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Multilateralism, Regionalism and Developing Countries: Some Issues and Challenges Nagesh Kumar

Multilateralism, Regionalism and Developing · PDF fileTrade, multilateralism and development •Key principles of multilateralism •Non-discrimination or MFN •Reciprocity •Binding

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Page 1: Multilateralism, Regionalism and Developing · PDF fileTrade, multilateralism and development •Key principles of multilateralism •Non-discrimination or MFN •Reciprocity •Binding

Multilateralism, Regionalism and Developing Countries:

Some Issues and Challenges

Nagesh Kumar

Page 2: Multilateralism, Regionalism and Developing · PDF fileTrade, multilateralism and development •Key principles of multilateralism •Non-discrimination or MFN •Reciprocity •Binding

Trade, multilateralism and development

• Role of trade in improving efficiency – trade can be an engine of growth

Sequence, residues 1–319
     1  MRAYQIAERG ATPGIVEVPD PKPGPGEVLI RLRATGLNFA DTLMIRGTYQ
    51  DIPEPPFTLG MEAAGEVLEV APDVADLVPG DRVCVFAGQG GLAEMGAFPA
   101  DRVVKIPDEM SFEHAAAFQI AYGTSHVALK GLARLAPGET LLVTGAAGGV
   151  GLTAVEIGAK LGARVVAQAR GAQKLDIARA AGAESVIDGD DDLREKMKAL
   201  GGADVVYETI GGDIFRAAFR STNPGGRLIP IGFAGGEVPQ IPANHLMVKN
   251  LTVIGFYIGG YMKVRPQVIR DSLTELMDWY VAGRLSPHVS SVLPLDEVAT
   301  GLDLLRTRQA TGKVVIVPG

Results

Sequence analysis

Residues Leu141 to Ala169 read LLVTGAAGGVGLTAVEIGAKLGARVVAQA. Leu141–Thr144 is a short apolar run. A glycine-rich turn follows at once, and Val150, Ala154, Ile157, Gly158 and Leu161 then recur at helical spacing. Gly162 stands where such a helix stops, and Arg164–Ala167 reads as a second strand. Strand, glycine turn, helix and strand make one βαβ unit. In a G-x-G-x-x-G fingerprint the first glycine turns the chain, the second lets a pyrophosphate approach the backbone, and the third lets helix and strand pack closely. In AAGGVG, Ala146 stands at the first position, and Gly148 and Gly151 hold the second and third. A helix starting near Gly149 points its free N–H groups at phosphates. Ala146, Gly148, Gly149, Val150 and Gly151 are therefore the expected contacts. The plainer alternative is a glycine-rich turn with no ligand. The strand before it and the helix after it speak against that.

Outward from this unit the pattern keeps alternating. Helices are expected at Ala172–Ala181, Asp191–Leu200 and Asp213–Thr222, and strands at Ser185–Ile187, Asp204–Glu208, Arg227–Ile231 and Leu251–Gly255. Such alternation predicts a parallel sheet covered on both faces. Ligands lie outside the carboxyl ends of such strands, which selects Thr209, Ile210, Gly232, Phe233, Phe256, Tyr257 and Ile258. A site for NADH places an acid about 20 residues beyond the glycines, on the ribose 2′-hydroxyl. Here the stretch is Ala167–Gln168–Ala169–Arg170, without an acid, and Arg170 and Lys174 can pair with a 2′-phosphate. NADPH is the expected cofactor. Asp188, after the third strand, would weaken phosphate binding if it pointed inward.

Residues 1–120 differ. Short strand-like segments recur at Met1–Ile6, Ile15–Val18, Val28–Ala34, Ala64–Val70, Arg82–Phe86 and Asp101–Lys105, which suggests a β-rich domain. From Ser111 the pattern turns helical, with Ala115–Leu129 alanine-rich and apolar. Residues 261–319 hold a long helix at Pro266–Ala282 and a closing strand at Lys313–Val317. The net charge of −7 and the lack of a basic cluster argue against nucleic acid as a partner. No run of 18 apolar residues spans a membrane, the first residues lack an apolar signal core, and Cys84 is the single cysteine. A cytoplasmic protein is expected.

• GATT provided a rule-based multilateral framework for

• conducting international trade,

• settling trade disputes, and

• Process of trade liberalization for reaping efficiency gains since 1947

• Succeeded by World Trade Organization in 1995

Page 3: Multilateralism, Regionalism and Developing · PDF fileTrade, multilateralism and development •Key principles of multilateralism •Non-discrimination or MFN •Reciprocity •Binding

Trade, multilateralism and development

• Key principles of multilateralism • Non-discrimination or MFN • Reciprocity • Binding and enforceable commitments • Transparency • Safeguards

• Exceptions allowed for preferences in favour of developing countries and for regional trading arrangements

• Recognition of different levels in development and capacities of countries

• Concept of special and differential treatment (S&DT) incorporated way back in the 1960s

Page 4: Multilateralism, Regionalism and Developing · PDF fileTrade, multilateralism and development •Key principles of multilateralism •Non-discrimination or MFN •Reciprocity •Binding

4

Rounds of Multilateral Trade Negotiations

Year Round Action

1947 Geneva 45,000 reductions in bilateral tariffs covering 20% of world trade.

1949 Annency, France 5,000 reductions in bilateral tariffs.

1951 Torquay, England 8,700 reductions in bilateral tariffs covering a new range of goods.

1955-56 Geneva Reductions in bilateral tariffs.